Multi-tasking to the end: Units executed varied missions for troop withdrawal, other tasks
April 30, 2012
CAMP BUEHRING, Kuwait -- Flexibility has been the watchword for three Army National Guard units moving in and out of Kuwait recently, especially for those soldiers who took part in the end of the war in Iraq.
In a Transfer of Authority ceremony here April 21, the 4th Battalion, 118th Infantry Regiment, South Carolina Army National Guard -- once bound for Afghanistan -- assumed control of mobile security force and base operations from the 2nd Battalion, 135th Infantry Minnesota Army National Guard and the 112th Military Police Battalion, Mississippi Army National Guard.
Like their South Carolina counterparts, the Minnesota and Mississippi soldiers experienced mission changes, including tasks involving the withdraw of U.S. troops from Iraq late last year.
"You were all part of history," Col. Eric Kerska, commander of the Minnesota Army National Guard's 1st Heavy Brigade Combat Team, 34th Infantry Division, told the departing soldiers at the ceremony. "Each and every one of you played a part -- some big, some small -- but all of played a part in the end to the war in Iraq. For as long as you live, each and every one of you can be very proud of what you accomplished here."
Changes started coming for the Minnesota soldiers in July 2011, when they were at Fort McCoy, Wisc., preparing to deploy. Their original assignment was to run camps in north Kuwait and conduct specific mobile security-force operations, said Maj. Jeff Blowers, the 2nd Battalion, 135th Infantry operations officer.
"We always joked that our snipers would be running the chow hall, and things like that," said Blowers, of Brooklyn Park, Minn. Then on July 4 -- three weeks prior to deploying -- they were told that they wouldn't be running the camps, but would be conducting an additional mobile-security force operation and safeguarding Khabari Crossing.
Located at the Kuwait-Iraq border and also known as K Crossing, Khabari Crossing was the critical gateway for U.S. forces going into and out of Iraq.
The 112th Military Police Battalion arrived in October and took over two of the mobile security missions and the K-Crossing mission, Blowers said. That same month, U.S. President Barack Obama announced the withdrawal of American troops from Iraq by the end of 2011, and the 2nd Battalion was assigned a number of convoy security missions in Iraq to support the troop draw down it, Blowers said.
"That's when things starting getting busy around here," he reflected. "Next thing you know, units that were doing one thing were told to do something else."
After ramping up training to learn to use equipment like the Mine Resistant Ambush Protected vehicle, they took on the new missions: clearing and securing routes in Iraq for convoys moving in and out of the country, along with safeguarding convoys, Blowers said. The new missions took the soldiers as far north as Victory Base Camp near Baghdad, he added.
The 112th Military Police Battalion, meanwhile, took on their new missions, which they conducted in conjunction with the Kuwaiti Army, said Maj. Kyle Waggoner, the Military Police Battalion executive officer, who is from Brandon, Miss. They also helped destroy expired munitions, and in March, they relieved the 1st Battalion, 160th Field Artillery, Oklahoma Army National Guard, and took over camp operations as well.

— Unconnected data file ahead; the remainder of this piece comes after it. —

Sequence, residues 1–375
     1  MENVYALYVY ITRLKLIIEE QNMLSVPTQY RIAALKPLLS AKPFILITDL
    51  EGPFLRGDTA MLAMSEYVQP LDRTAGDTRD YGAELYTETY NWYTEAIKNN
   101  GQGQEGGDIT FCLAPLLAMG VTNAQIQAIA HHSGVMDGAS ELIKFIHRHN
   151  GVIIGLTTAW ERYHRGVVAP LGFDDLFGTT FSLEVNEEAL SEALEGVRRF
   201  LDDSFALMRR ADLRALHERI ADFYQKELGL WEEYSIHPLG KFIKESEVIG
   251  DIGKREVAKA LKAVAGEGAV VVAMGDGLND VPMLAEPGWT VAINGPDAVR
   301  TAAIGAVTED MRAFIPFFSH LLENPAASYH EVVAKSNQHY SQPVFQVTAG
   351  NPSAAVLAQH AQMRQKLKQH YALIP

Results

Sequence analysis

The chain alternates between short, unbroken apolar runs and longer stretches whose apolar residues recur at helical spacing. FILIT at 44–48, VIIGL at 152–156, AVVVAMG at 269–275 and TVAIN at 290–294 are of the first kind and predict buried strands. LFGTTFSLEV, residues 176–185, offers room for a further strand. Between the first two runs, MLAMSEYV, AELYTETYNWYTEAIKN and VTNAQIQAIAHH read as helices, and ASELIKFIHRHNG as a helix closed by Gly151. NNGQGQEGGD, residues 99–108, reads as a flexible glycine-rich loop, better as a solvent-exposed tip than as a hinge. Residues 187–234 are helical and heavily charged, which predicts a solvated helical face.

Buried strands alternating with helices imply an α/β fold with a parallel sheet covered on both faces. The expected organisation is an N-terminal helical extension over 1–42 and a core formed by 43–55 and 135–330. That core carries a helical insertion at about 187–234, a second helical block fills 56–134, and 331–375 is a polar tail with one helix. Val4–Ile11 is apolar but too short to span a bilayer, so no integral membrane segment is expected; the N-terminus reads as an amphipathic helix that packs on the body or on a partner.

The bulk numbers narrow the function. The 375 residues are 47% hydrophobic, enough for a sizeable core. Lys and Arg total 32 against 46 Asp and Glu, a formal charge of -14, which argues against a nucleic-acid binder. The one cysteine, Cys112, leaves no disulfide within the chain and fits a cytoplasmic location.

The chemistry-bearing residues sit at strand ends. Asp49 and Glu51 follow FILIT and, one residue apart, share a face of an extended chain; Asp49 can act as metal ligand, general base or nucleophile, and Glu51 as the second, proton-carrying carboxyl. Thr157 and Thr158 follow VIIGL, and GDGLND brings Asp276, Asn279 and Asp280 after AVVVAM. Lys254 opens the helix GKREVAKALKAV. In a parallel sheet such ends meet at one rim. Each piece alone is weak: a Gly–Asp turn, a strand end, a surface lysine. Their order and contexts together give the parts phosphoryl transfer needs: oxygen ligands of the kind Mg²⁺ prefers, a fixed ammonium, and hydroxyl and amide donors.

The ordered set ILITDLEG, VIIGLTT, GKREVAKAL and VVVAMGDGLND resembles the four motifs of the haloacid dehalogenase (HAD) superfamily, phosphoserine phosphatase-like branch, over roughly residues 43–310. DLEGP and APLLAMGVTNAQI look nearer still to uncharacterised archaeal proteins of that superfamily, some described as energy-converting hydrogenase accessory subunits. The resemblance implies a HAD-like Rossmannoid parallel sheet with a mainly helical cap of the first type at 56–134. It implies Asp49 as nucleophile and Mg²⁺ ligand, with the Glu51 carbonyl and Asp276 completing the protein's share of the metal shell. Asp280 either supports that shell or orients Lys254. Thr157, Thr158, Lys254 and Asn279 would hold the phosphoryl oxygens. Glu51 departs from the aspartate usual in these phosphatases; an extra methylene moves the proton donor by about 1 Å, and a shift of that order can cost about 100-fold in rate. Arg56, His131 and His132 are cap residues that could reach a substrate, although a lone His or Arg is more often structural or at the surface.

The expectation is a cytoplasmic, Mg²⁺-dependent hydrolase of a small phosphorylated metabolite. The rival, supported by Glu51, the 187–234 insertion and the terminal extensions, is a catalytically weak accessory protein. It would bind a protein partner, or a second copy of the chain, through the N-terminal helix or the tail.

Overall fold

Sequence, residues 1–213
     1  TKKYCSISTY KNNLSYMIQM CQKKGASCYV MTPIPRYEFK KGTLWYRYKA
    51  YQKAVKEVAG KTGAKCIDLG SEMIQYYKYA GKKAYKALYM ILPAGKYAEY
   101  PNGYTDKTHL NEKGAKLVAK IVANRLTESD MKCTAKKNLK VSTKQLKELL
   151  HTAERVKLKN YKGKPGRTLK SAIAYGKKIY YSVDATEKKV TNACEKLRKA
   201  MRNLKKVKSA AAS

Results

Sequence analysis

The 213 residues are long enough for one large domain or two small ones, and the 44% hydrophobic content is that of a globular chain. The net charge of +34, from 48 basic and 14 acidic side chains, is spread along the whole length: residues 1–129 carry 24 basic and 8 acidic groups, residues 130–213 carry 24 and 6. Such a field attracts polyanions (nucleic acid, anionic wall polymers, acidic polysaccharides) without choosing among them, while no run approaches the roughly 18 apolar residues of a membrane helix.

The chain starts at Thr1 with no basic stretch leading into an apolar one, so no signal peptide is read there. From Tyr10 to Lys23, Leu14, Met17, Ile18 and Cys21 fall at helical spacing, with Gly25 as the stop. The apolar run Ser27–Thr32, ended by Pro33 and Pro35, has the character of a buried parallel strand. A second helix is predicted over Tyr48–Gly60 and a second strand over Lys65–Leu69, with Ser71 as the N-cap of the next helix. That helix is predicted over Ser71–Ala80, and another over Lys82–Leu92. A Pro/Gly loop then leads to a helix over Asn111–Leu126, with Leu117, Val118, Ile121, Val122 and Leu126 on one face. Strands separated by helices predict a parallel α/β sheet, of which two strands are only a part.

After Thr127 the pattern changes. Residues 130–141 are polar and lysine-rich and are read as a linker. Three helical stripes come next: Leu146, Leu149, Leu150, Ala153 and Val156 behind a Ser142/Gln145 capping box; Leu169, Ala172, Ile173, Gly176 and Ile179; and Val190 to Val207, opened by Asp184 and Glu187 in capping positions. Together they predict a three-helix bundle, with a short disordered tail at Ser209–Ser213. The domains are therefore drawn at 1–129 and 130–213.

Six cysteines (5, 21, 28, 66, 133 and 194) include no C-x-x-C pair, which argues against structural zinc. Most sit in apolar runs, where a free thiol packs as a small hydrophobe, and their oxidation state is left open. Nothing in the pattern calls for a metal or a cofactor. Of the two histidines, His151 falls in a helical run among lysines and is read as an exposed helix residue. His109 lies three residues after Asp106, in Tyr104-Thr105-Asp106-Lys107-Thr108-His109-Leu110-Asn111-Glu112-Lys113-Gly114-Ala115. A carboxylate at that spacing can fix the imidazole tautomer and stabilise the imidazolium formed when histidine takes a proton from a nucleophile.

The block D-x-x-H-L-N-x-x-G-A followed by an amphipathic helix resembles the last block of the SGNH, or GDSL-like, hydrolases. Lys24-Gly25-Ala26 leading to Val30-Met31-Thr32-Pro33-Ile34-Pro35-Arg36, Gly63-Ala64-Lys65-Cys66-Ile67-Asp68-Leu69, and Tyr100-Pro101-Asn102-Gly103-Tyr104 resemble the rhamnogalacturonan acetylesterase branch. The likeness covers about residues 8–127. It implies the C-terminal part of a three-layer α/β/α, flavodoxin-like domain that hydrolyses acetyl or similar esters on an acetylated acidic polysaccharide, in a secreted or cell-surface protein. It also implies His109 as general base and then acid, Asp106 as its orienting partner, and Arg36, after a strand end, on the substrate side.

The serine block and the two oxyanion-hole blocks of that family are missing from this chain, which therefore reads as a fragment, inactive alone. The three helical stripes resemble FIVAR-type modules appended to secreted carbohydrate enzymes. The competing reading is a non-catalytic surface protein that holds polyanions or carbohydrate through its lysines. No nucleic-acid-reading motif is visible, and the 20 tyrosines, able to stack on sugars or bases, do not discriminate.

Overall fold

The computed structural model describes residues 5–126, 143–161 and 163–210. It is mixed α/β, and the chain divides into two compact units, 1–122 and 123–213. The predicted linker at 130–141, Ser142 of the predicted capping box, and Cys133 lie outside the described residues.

"It was very short and intense," Waggoner said of their deployment. "We're just flexible to a 't.' We don't have just one skill set, we have multiple skills sets."
Kerska noted this in his remarks at the TOA.
"You were added to this deployment late, but quickly became a part of the team," Kerska told the 112th Military Police Battalion soldiers. "Your mission continued to change, and you succeeded where others have failed."
That work came to fruition on Dec. 18, when the last United States logistical convoy passed through K-Crossing. It was a great day, 112th Military Police Battalion Lt. Col. Clintis McCray said at the ceremony.
"This signified the end of the War in Iraq," McCray said. "The 113th was on duty that day and we had the area secured."
Kerska also praised the 2nd Battalion, 135th Infantry, saying they "had the most difficult mission in the brigade."
"You can blame me for that, as I am the one that specifically picked you to do all these varied missions," he said.
Originally assigned to conduct counter-insurgency operations in Afghanistan, the 4th Battalion, 118th Infantry Regiment was diverted to take over the mobile security missions and base operations in northern Kuwait instead. With training and communication, the battalion soldiers successfully shifted from counter-insurgency operations to full-spectrum operations, said Lt. Col. Fredrick Pasley, the 4th Battalion commander.
"Those were the two big keys to our success, and no doubt the support from our states," Pasley said before the TOA. "We've come a long way."
Shifting to the new missions involved screening battalion soldiers to discover their other skills and assigning them jobs to match those skills, like contracting, movement control, force protection and environmental and safety management, Pasley said.
"Because we're National Guard, a lot of the soldiers have civilian experience performing those jobs already," Pasley said.
Pasley praised the outgoing units at the TOA ceremony, remarking that the soldiers had executed their missions with great success. He thanked the units for setting up the 4th Battalion up for success as well.
"Your information, products and guidance have left us fully confident that we are prepared to execute this mission," Pasley told the soldiers of the 2nd Battalion, 135th Infantry and 112th Military Police Battalion. "Again thank you, and job well done."